By Christopher Roman, Kiwanis International
When the COVID-19 pandemic hit, time froze. Everyone’s way of life completely shifted and left most people to figure out how to keep going. For the Kiwanis family, it was a particular challenge because they had no way to volunteer in person. The new path forward: volunteering virtually.
For many clubs and programs throughout the Kiwanis family, engagement and membership suffered. On the other hand, the moment brought some clubs and districts to life, connecting members in ways not possible before the pandemic. This was the case for Zachary Kahn, governor of the Circle K International New England District.
When the pandemic hit, Kahn was starting his journey at Northeastern University. Now a junior, he is a health science major on a pre-med track. A New Hampshire native, Kahn remembers being interested in medicine since he was younger. In fact, he took courses in high school to prepare for med school.
Joining the Kiwanis family, he says, started his love for volunteerism. Now, the chance to serve people as a professional is an exciting prospect.
“To be able to make a career out of something like that where I can help people every day is fascinating,” Kahn says.
While courses can teach you a lot, there is nothing like a global pandemic to prepare you for your career. During the pandemic, he sought his EMT certification to be able to work the frontlines.
Kahn started administering COVID-19 tests in October. He moved into vaccinations in February.
“It’s amazing to see the impact it has on people’s lives,” he says. “Just being able to start opening up the country and seeing the joy on people’s faces after getting the vaccine after all this time really makes the work worthwhile.”
Thinking back on his start with the Kiwanis family, Kahn remembers being an eager middle school student wanting to hang out with friends and go to different events. So he joined Cawley Middle School Builders Club. The summer before his freshmen year of high school, he attended a Key Leader weekend to connect with like-minded leaders.
Key Leader is a leadership program that empowers teens to become more caring and confident leaders. Through team-building activities, group discussions, and personal reflection, participants discover the benefits of service leadership and get inspired to join Key Club International.
“It’s a great way to transition into high school, and connecting with other leaders was a great way for me to stay interested in Kiwanis and make friends,” Kahn says.
In high school, he was disappointed to find out there was no Key Club. He stayed involved through other organizations, but none had the international reach and community impact he felt with Kiwanis.
“Going through my freshman and sophomore years, that was always in the back of my mind, that it would be really cool to have a Key Club at my high school,” Kahn says. Luckily, he was connected to members of the Hooksett Kiwanis Club and to dedicated teachers who were willing to help get the group started. During his junior year, Kahn helped charter his Key Club and acted as president until graduating, leaving a solid Key Club of 20 members serving the community.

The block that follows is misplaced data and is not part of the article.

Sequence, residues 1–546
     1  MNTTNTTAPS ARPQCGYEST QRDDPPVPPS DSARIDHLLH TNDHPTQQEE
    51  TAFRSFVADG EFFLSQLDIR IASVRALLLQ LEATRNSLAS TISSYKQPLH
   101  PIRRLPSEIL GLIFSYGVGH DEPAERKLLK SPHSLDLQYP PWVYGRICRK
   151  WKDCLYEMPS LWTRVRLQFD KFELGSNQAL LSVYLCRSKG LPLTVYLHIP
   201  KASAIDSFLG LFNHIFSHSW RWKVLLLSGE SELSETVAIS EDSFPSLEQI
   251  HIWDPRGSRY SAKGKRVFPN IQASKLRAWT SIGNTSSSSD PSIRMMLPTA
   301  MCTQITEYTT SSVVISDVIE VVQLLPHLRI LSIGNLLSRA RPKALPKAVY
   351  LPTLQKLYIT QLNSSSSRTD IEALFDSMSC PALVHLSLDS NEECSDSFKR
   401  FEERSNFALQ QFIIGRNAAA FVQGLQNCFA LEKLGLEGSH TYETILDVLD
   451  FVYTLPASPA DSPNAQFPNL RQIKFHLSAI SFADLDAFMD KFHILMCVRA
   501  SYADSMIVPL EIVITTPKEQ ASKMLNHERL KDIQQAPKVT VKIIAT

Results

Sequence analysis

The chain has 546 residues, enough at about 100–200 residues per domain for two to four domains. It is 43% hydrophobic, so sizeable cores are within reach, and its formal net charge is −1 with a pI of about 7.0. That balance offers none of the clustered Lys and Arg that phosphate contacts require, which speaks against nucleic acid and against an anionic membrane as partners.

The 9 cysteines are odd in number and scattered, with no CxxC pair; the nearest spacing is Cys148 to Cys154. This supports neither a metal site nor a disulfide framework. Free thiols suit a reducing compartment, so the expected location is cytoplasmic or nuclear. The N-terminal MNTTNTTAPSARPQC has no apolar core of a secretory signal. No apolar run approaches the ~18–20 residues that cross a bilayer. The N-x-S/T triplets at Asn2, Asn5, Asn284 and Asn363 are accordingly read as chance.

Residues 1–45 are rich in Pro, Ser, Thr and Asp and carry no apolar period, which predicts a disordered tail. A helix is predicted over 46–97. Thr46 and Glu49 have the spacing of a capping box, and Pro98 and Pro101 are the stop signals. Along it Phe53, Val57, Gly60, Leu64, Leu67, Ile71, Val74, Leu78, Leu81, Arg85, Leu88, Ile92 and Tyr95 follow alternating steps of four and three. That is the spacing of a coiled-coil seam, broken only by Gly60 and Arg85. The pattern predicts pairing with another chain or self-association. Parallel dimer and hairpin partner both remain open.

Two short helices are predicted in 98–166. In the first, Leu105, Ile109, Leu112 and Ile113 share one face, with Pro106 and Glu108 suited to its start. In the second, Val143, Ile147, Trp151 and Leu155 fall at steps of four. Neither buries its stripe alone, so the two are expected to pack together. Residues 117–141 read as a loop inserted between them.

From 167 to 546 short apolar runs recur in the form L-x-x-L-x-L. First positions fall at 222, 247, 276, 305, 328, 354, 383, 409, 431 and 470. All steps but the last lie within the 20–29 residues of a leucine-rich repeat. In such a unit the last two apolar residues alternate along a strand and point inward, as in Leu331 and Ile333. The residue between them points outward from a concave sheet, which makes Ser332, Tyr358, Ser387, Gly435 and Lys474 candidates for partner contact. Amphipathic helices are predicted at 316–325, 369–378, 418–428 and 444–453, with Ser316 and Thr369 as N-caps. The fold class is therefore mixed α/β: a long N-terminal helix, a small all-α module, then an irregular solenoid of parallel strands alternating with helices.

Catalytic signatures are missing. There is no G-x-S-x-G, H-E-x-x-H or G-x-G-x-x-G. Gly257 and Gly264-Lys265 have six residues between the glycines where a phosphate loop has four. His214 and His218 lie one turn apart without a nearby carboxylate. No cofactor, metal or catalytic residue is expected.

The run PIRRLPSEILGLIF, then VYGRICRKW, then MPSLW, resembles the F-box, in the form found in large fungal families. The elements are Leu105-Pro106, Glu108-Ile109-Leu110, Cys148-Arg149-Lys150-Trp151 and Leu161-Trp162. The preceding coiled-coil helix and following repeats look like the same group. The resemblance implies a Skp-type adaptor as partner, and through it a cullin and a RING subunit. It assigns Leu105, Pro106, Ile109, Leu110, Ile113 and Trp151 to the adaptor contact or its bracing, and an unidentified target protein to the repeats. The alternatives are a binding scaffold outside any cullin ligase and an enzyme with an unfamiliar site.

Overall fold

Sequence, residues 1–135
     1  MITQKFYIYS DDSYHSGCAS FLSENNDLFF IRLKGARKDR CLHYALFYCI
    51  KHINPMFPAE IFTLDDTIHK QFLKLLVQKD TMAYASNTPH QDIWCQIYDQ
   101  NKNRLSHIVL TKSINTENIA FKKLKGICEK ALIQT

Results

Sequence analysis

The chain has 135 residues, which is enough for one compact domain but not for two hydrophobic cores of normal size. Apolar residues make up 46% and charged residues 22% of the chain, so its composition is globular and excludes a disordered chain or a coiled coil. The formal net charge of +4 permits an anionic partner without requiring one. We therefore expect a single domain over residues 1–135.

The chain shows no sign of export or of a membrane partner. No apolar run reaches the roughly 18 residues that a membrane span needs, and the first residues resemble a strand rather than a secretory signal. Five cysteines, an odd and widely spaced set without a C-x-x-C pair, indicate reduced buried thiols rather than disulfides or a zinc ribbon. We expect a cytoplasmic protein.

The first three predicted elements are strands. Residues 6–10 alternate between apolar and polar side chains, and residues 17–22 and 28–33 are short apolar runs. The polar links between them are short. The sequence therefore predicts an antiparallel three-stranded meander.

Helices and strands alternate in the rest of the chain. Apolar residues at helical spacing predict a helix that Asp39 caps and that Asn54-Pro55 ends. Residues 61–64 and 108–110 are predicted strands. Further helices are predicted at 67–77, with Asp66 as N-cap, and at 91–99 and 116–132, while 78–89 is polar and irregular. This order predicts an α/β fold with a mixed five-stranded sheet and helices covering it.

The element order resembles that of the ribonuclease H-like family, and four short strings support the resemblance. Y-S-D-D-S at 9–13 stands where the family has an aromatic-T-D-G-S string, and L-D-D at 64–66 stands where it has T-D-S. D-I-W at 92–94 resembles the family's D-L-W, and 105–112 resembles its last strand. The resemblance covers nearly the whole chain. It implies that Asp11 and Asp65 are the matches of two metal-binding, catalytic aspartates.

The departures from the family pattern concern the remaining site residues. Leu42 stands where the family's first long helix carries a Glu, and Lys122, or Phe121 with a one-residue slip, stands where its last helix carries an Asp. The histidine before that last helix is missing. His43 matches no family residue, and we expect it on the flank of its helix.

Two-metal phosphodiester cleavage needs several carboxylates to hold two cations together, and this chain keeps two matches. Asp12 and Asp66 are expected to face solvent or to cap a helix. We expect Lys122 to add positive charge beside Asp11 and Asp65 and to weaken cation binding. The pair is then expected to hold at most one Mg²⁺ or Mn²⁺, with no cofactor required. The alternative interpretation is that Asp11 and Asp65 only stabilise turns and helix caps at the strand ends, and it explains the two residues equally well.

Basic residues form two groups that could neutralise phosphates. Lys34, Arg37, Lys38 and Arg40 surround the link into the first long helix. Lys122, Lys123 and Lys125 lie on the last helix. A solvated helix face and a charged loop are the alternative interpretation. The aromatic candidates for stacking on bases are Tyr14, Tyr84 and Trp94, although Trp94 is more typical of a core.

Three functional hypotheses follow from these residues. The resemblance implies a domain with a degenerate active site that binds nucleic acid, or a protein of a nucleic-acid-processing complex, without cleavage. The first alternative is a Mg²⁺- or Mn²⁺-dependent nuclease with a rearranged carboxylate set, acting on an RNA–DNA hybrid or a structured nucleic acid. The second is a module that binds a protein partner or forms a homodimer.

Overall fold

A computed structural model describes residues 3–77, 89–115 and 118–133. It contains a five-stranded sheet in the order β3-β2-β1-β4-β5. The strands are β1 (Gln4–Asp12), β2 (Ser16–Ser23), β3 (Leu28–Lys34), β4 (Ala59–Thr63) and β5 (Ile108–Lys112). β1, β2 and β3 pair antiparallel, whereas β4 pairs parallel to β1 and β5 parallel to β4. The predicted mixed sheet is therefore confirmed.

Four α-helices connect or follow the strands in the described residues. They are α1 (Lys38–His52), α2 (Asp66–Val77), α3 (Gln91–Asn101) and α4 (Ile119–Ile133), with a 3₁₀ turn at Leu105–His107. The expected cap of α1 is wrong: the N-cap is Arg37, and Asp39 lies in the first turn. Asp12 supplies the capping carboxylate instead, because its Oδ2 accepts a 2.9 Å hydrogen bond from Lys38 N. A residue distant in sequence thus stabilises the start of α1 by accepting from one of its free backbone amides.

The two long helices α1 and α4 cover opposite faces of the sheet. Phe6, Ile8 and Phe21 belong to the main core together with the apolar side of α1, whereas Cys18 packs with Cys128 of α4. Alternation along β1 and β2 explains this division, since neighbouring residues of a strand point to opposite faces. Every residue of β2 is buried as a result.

Kahn was excited to get involved with CKI and the district early on in college when he found a club at Northeastern University. When Kahn isn’t working the frontlines, he makes connections and recruits for CKI — all from his dorm room. Since the pandemic, CKI has been an outlet for staying connected.
When asked what moment with CKI and the Kiwanis family stands out, Kahn can’t help but think about the direct impact — and the gratitude.
“There’s a food shelter near Northeastern where we prepare and serve food for the residents of the building and the homeless population,” he says. “Seeing their gratitude and how much of an impact we can have on the Boston community is amazing.”
Kahn says his most significant CKI accomplishment is being elected as governor of the New England District. Still, he’s most proud of the fact that his district increased membership and engagement during a global pandemic.
How did they do it? They had a theme: feeling connected to the district. The goal was to connect clubs and make sure fellowship played a significant role in all they do. So it wasn’t all about volunteering.
“We knew we wanted to make sure clubs felt connected to us and that the district was a resource for them and not just a step up in the Kiwanis levels,” Kahn says.
As a member of the Kiwanis family since middle school, Kahn says the connection with clubs and members around the world sets the organization apart. “The ability to interact with people you wouldn’t normally cross paths with, to have a common goal and to make a large impact can’t be matched by any other service organization you’d be looking to join,” he says.
Kahn is also proud of the diversity, equity, and inclusion efforts in Kiwanis, Key Club and CKI, and he’s thrilled that the work is expanding.
After college and CKI, Kahn hopes to stay in the Boston area for medical school and join the Greater Boston Young Professionals or Hooksett Kiwanis Club.
“Wherever I do end up, I can see Kiwanis in my future, especially since it’s had such a large impact on my life thus far,” he says. “I would love to continue that journey.”